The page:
It could take as much as two weeks for the House to get a CBO score on the bill, something the Senate is also waiting on for the budget reconciliation process. The deal struck between progressives and moderates projected CBO data would come by November 15.
Any delays in getting that score could pose a problem for getting the spending bill passed before the year is over — or even before next spring, when lawmakers will begin to turn their attention to the 2022 midterm elections.
Congress will be on recess for two weeks in November and out again in the second half of December. Should the CBO score come in two weeks, lawmakers would receive it right before leaving Washington, DC, for the Thanksgiving recess. After returning from that break, lawmakers would have roughly 10 legislative days left before their winter recess to get the bill through the House and Senate.
Finishing the spending bill is expected to be particularly difficult given that Democrats haven’t yet agreed on what will be in it. Moderate senators are still pushing back on the size and some provisions in the spending legislation, and have winnowed it down notably in recent weeks. Progressives in both chambers are working to put provisions that have been stripped out back in, and, as was seen Friday, moderates continue to voice concerns about overall cost.
And even once the spending bill passes the House, it will still face a long journey through the Senate. The social spending bill is being advanced through the budget reconciliation process, which allows bills to pass the Senate with a simple majority. And Democrats have a one-vote majority. But reconciliation also mandates a bill’s provisions affect the budget.
The Senate parliamentarian, who rules on what is and isn’t allowed in a reconciliation bill, will need to make a decision on what can and can’t be included in the bill after Democrats finish their internal negotiations and the CBO score is released. After that, again, as part of the reconciliation process, the bill will also have to go through a step known as “vote-a-rama” in which senators will be able to add amendments to the legislation and alter it even more.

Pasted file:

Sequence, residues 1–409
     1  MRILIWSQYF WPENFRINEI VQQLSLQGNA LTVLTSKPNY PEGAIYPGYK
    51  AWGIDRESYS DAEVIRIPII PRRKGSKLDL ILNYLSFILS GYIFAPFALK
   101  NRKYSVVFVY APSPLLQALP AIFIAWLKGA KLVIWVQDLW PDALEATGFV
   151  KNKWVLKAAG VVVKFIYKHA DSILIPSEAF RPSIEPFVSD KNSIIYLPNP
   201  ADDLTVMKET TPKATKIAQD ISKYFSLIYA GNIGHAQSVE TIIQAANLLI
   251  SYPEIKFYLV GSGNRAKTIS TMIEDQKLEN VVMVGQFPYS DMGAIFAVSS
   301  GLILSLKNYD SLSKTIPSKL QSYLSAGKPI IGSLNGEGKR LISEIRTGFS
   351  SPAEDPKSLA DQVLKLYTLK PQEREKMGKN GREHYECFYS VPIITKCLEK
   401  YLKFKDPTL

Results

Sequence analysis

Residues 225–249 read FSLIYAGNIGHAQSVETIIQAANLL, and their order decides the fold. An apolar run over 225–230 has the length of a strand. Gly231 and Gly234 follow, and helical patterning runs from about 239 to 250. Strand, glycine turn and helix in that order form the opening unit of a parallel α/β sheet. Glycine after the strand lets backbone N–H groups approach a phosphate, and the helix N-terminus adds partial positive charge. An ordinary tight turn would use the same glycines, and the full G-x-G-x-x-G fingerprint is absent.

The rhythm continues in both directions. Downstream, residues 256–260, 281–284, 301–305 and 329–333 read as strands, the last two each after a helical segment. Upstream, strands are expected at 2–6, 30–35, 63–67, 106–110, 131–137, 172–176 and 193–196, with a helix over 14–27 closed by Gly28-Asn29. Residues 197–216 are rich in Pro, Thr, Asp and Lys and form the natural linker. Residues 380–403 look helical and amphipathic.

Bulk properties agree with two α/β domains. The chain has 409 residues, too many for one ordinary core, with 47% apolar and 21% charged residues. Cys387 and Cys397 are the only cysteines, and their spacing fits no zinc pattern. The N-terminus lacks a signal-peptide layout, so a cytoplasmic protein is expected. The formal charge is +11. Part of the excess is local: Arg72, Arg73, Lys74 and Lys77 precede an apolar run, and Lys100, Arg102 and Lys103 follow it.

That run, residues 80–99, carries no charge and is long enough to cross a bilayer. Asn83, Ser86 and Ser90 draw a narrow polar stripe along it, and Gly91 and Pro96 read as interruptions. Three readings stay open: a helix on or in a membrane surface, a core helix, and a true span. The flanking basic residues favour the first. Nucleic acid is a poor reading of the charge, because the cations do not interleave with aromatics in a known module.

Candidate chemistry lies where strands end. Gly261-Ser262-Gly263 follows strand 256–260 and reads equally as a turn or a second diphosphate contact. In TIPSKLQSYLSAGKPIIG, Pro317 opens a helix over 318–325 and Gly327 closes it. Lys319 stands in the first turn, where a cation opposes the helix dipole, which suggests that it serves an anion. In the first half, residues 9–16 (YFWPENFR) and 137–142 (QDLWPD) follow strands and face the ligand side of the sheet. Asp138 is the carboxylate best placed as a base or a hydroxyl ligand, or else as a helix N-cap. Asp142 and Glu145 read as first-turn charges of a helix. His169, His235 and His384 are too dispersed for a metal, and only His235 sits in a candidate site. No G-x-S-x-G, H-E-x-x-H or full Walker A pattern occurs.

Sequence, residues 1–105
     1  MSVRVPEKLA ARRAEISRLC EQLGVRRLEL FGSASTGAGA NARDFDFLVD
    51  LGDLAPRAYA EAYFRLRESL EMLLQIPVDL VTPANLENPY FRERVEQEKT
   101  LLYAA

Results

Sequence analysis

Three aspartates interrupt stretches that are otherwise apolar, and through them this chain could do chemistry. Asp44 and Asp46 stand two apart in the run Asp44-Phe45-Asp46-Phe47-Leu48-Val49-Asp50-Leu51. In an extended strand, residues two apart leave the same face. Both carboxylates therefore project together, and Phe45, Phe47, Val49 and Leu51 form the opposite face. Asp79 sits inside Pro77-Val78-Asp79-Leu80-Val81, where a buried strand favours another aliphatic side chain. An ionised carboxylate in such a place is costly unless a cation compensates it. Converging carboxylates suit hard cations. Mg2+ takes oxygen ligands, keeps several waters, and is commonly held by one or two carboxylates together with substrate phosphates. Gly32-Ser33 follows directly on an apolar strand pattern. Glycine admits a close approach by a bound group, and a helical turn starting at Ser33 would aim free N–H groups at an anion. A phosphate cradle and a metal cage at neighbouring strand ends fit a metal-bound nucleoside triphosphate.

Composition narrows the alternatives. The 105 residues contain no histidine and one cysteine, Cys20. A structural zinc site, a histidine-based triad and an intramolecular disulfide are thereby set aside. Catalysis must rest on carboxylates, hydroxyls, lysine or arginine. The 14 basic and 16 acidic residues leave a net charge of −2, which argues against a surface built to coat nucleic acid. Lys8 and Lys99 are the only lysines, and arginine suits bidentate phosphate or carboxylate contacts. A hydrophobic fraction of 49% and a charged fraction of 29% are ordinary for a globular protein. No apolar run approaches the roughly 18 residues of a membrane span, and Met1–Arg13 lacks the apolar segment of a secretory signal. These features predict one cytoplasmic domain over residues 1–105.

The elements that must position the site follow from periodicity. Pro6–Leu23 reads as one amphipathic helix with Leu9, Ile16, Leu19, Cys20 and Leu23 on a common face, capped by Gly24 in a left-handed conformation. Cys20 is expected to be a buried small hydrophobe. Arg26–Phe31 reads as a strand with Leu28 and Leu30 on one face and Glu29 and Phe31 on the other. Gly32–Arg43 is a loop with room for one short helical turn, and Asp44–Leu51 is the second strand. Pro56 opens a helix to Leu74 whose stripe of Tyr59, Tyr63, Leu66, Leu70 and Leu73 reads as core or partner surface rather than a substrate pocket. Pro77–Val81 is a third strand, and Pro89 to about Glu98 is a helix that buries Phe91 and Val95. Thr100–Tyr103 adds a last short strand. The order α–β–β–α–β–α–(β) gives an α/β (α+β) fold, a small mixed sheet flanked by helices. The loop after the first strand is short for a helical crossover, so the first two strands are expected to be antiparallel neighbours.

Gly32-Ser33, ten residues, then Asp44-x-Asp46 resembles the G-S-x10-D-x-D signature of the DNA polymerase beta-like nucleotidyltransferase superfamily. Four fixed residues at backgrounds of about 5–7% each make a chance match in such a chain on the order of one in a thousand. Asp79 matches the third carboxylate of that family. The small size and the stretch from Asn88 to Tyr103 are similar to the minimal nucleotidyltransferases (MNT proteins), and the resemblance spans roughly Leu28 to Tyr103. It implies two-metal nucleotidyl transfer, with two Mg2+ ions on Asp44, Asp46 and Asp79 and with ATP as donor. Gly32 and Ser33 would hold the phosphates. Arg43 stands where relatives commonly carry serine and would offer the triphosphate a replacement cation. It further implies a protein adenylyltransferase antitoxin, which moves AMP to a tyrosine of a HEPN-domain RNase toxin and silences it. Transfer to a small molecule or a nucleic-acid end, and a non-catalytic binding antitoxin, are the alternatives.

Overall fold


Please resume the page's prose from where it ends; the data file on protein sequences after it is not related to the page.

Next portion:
Once passed in the Senate, it will head back to the House, where lawmakers will need to approve the Senate’s changes.
It’s also important to remember that the spending bill isn’t the only thing lawmakers need to address. On December 3, if Congress doesn’t take action, the government will default on its debts, triggering a possible global economic crisis, and if lawmakers don’t pass more government funding, it could shut down as well.
A lot is riding on both bills passing the House quickly, but it’s no longer clear that can happen. And if the House fails to advance the spending bill, Biden’s full agenda — and all the benefits it hopes to bring — won’t come to fruition.
Joe Biden's Remarkable Week May Just Rescue His Presidency .
A week ago Biden was staring into the abyss. By Saturday morning, the story was almost entirely different. Biden was able to celebrate "infrastructure week," making a dig at Donald Trump after the House passed the infrastructure bill with GOP support on Friday evening. Suddenly it was the Republicans who were at each other's throats, while in the Democratic Party, a Biden-brokered truce between moderates and progressives opened the door for yet more legislation."It was always likely that the Democrats would eventually reach sufficient agreement to pass the infrastructure bill," Quirk told Newsweek.